Are you utilizing your home office? Whether you use the space for practicing hobbies or for working remotely, your office should be a space built around creativity and productivity. To design a home office resplendent in form and functionality, check out these helpful designing tips!
Adding a Splash of Color
The world is made up of beautiful layers of light helping us to see the vibrancy of the colors swirling all around us. Why don’t we bring these colors into the rooms we are constantly using?
Fast Company writes that color both affects our mood and our efficiency. The color white (or lack thereof) painted on many home office walls was found to actually contribute to more human error in the workplace, according to a study conducted by researcher Nancy Kwallek at the University of Texas.
Kwallek found that the sterility of the white office space causes people to lose focus. Instead, colors on the blue-green spectrum helped people fuel their creativity and kept them cool under pressure. A study done by the University of British Columbia found that the color blue encouraged communication, brainstorming and trust. This led to idea development and forward-moving strategies.
Different colors influence our behavior. For an office that is sure to get you to generate ideas, strategy and inventiveness, the colors blue, green and red will help you do just that.
Sitting Pretty: Form & Function
One of the first mistakes we make when buying office furniture is getting a desk chair that is more fashionable than it is comfortable. We want our offices to be funky and personalized, but sacrificing comfort for style isn’t the way to go, especially when you can have both.
Lifehacker suggests that before you invest in an office chair, make sure it’s ergonomic. Why is it necessary that your office chair be ergonomic? Because you will be sitting in it for hours at a time. If your chair is uncomfortable, chances are you’ll be making excuses to get up and away from your desk. If you’re spending even 15 minutes away from your desk every hour for eight hours, you are wasting two hours of your work day. All of this time is being mismanaged just because your desk chair is unsupportive.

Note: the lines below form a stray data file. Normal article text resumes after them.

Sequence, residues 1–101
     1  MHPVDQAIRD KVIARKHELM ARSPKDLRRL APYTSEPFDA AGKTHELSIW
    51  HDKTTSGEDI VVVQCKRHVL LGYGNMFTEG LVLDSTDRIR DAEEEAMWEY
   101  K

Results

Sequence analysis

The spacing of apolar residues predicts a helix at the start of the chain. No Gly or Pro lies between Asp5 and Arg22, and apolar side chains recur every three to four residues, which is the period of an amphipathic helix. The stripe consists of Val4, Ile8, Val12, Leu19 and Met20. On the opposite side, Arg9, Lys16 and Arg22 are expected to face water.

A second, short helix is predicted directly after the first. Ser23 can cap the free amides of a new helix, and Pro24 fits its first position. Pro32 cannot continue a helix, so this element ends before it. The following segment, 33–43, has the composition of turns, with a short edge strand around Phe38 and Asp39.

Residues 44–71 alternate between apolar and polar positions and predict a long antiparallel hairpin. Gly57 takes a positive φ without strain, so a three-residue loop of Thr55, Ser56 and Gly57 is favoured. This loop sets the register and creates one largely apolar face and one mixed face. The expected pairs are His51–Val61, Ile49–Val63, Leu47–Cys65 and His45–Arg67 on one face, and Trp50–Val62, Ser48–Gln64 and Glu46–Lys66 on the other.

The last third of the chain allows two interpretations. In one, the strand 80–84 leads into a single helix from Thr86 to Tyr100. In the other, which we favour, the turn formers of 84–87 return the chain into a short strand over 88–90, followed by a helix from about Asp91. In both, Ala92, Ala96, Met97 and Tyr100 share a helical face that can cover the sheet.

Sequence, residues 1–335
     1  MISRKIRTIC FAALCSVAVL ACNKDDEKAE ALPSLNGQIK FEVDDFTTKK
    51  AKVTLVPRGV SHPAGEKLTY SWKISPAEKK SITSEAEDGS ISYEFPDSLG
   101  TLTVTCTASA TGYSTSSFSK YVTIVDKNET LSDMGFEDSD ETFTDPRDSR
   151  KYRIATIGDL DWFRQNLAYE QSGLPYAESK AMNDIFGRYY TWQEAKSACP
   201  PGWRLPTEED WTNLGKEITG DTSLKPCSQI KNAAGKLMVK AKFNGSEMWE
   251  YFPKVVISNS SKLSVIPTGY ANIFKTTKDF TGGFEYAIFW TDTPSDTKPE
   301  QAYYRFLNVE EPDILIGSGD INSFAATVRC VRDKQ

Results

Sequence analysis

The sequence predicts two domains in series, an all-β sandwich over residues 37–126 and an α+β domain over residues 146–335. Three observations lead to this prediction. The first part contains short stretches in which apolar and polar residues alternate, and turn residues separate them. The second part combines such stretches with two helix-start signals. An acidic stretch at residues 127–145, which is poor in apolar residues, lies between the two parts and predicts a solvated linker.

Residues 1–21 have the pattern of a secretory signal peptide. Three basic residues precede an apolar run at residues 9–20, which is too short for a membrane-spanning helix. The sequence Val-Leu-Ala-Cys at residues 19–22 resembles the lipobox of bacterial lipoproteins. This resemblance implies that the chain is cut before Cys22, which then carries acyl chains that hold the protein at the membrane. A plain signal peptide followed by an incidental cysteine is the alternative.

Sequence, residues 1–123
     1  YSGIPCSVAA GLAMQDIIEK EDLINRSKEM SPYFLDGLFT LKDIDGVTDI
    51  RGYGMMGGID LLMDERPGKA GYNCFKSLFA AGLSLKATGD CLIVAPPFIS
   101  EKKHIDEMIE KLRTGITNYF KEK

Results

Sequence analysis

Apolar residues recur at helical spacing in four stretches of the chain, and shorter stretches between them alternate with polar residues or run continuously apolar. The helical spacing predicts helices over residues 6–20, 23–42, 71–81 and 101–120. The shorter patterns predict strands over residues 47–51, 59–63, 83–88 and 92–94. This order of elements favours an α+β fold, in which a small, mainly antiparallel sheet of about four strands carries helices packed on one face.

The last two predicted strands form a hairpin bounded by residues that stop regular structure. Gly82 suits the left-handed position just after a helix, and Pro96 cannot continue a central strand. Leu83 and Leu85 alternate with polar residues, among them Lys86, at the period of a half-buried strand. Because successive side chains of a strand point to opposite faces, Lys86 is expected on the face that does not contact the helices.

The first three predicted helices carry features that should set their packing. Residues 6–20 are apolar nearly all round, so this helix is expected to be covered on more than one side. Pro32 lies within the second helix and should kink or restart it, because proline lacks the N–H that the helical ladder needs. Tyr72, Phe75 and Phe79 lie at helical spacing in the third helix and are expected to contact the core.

There are three things to look for when getting a desk chair:
- Seat height: Your feet should be firmly on the ground when seated in the chair with your forearms parallel to your desk top.
- Arm rests: Your elbows should be set at 90 degrees when at rest or working.
- Adjustability: You should be able to adjust your back rest to go up and down or at an angle to provide you lumbar support.
Once you have figured out the functional uses you want out of a chair, you can reexamine its aesthetic form. For some ideas, check out these five best office chairs.
Staying Cool When You’re Stressed
With deadlines looming and teleconference calls dropping, it can be hard to keep a cool head. As you feel the perspiration dotting your forehead and your shirt collar wilting (darn you, stress sweat!) you find yourself grateful for having installed a ceiling fan in the office.
After installing a fan from a brand like the Modern Fan Company to help you save on energy bills (running a small business from home isn’t exactly cheap, and hey, you’re helping save the environment too now, right?) you’ve learned that switching it on helps you to collect yourself after a particularly rough brainstorming session. Feeling the cool air on your skin helps you to re-center yourself and get back to the task at hand; building your business.
Don’t Burn the Midnight Oil: Lighting Space
In your office space, you’ll want a mixture of natural, overhead, and task lighting. Apartment Therapy suggests that positioning your desk in front of a window will help you to collect your thoughts and process your ideas as you look out at the view.
As the natural light of the outside dims, overhead lighting will brighten up the room, but you’ll find that it’s not enough to keep you focused. Placing a lamp on your desk or a nearby shelf and using it for task lighting will help you avoid eye strain and keep your work area sharp and in focus.
Working from home can be distracting, but when you’ve arranged your office space to be a full-functioning center of production, it won’t be.